Blancpain & Marilyn Monroe - A Shared Legacy | SENATUS



Blancpain & Marilyn Monroe - A Shared Legacy

17 December 2019

By Kien Lee

From 31 October to 23 November, Blancpain showcased in its flagship boutique on Fifth Avenue in New York City, a legendary jewelry watch from the 1930s that once belonged to Marilyn Monroe. The timepiece headlined an exhibition entitled Timeless Elegance, featuring personal belongings and a curated selection of photographs of the beloved American actress.

The late Hollywood star's cocktail watch was chosen as a definitive demonstration of Blancpain's expertise and pioneering spirit in the world of feminine watchmaking, displayed alongside a retrospective of the Manufacture's other women's timepieces both past and present.

Timeless Elegance - the Exhibition

The Art Deco-inspired model, purchased by Blancpain at auction, was paired with several historic personal items that reveal the extraordinary existence and complex personality of the actress. These include dresses, books, a director's chair, a Screen Actors Guild membership card, stationery and receipts from her New York experience.

It is believed the Blancpain watch may have been a gift to Marilyn Monroe from her third husband, author Arthur Miller, unveiled for the first time to the public.

Crafted in platinum and paved with 71 round-cut diamonds and two marquise-cut diamonds, it bears the "Blancpain" insignia on its white rectangular dial with yellow hour-markers and blue hands, as well as the mention "Rayville Watch Co. 17 Jewels" on its tiny mechanical FHF 59 movement.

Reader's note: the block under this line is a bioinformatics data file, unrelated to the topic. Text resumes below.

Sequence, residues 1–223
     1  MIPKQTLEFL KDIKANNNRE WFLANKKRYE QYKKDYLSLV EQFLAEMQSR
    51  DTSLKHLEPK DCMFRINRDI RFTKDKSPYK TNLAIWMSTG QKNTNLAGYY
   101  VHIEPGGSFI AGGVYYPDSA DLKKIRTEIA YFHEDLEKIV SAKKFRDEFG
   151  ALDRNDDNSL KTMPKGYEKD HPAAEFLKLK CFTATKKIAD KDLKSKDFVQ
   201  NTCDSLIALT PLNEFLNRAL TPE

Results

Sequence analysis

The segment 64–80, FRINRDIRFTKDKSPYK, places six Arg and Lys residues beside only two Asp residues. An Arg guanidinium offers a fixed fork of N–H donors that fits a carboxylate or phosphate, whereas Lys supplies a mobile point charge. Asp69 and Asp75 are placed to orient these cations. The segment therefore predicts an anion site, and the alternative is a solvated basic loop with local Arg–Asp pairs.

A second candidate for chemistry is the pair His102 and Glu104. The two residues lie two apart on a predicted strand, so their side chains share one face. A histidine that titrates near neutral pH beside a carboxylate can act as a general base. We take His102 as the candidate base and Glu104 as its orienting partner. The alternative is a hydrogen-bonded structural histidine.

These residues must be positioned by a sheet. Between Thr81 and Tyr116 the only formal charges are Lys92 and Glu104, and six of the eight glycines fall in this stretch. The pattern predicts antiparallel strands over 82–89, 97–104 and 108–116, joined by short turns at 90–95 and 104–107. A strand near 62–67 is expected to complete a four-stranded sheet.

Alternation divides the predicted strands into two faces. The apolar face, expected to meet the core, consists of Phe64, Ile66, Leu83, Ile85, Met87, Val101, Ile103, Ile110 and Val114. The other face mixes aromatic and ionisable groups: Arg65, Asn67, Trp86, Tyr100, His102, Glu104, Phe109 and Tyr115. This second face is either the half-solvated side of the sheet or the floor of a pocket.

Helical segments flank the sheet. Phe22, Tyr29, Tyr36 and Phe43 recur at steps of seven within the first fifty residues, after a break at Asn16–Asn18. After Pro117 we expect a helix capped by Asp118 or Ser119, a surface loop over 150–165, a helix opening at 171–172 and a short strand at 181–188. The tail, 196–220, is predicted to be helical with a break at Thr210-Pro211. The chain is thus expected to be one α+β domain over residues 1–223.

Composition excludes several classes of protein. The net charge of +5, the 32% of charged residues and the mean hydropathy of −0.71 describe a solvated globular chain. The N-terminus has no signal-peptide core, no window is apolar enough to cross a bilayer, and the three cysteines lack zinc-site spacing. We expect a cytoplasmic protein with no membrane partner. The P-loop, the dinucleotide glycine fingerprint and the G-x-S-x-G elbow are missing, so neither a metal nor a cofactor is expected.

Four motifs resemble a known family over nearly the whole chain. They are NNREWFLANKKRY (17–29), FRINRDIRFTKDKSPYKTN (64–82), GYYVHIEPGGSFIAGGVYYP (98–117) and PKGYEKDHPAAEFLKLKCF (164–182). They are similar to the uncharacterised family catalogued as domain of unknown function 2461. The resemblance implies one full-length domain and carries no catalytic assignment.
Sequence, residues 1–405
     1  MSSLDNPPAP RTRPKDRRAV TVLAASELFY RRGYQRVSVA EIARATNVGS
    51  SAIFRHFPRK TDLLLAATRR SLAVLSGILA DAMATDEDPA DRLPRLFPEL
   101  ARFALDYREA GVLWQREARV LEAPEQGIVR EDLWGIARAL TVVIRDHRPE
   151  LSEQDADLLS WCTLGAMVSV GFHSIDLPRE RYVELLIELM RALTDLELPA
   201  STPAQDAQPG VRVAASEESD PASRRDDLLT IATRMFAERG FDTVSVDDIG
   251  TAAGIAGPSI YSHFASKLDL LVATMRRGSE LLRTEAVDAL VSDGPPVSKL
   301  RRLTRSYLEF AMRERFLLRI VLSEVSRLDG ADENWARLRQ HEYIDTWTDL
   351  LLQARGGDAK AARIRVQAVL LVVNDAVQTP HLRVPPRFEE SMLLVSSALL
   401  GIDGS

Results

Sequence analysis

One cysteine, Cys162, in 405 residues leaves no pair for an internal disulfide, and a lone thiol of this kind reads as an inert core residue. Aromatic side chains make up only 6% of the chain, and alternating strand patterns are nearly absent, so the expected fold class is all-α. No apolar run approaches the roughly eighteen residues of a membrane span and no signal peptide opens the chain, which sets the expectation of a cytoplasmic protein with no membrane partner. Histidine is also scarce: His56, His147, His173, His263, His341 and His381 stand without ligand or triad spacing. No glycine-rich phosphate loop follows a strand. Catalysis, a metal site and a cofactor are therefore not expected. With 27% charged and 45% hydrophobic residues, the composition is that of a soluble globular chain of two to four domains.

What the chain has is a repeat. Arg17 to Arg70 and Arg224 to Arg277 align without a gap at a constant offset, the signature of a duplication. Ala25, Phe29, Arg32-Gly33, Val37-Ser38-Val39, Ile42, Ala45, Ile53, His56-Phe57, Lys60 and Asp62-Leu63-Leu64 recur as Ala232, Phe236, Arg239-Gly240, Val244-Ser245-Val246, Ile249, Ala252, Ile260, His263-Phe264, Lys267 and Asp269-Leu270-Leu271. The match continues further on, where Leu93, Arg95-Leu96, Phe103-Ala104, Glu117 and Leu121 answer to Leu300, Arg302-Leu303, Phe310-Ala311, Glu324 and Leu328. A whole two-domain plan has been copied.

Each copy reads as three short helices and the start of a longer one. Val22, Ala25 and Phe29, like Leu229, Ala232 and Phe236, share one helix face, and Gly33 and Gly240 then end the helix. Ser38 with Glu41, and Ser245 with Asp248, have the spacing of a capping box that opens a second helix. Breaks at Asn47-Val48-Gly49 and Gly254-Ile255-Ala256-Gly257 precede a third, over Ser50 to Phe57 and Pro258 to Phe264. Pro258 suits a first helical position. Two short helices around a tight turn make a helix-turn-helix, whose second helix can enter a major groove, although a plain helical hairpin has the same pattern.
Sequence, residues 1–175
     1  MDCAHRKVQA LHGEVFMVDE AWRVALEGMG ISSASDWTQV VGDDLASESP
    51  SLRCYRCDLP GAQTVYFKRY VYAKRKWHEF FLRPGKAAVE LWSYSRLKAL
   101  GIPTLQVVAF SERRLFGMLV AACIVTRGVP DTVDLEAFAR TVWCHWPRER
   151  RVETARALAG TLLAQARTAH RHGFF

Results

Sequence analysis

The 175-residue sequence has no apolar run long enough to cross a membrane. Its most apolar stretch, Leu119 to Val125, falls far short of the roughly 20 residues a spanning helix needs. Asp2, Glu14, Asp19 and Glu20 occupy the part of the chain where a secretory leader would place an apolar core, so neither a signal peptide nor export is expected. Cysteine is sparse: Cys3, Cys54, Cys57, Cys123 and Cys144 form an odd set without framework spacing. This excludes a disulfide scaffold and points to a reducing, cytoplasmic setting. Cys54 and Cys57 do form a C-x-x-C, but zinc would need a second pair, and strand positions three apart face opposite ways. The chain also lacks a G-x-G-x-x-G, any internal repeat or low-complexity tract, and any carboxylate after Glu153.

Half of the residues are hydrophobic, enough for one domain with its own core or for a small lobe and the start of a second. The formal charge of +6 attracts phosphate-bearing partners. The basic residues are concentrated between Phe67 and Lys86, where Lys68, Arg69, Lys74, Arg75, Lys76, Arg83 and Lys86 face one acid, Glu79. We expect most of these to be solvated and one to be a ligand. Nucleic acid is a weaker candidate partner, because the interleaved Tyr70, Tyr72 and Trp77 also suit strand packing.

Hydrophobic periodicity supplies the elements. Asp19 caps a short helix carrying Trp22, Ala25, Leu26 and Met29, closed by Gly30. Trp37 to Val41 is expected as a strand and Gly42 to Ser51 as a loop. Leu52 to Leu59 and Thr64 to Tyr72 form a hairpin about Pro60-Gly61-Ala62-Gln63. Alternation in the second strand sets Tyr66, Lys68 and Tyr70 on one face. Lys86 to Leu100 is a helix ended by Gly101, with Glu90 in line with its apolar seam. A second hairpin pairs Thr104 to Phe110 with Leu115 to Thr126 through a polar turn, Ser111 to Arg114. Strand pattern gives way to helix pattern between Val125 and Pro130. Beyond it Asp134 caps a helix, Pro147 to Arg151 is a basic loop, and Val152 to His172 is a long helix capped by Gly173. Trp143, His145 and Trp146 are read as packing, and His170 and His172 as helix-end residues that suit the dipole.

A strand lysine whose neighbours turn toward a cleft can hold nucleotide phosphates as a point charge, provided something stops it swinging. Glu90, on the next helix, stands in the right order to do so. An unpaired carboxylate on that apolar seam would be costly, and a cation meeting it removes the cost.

Perhaps there is no better complement for Marilyn Monroe, who unforgettably sang Diamonds Are a Girl's Best Friend in the movie, Gentlemen Prefer Blondes.

Blancpain & Women's Watches

Indeed, Blancpain was a pioneer in offering mechanical watches for female customers, unconventional given the predominant belief at the time that this interest belonged solely to men.

In fact, Blancpain introduced in 1930 the world's first self-winding ladies' wristwatch, the Rolls (above) - now highly sought after by collectors - followed in 1956 by the Ladybird (below), equipped with then, the world's smallest round movement.

These developments were a reflection of the progressive culture at Blancpain which was helmed by Betty Fiechter (below), the first woman to head a watchmaking company in 1933 - She was widely credited for paving the way for jewelry watches at Blancpain, and  the laying down the foundation for the brand’s international repute in this offering.

Marilyn Monroe herself was to become only the second American woman to run her own production company.

The two women's destinies may have converged in a Blancpain cocktail watch, but in truth, this is altogether an unscripted story of Blancpain’s history of luxury craftsmanship and innovation aligning beautifully with Marilyn's enduring legacy.

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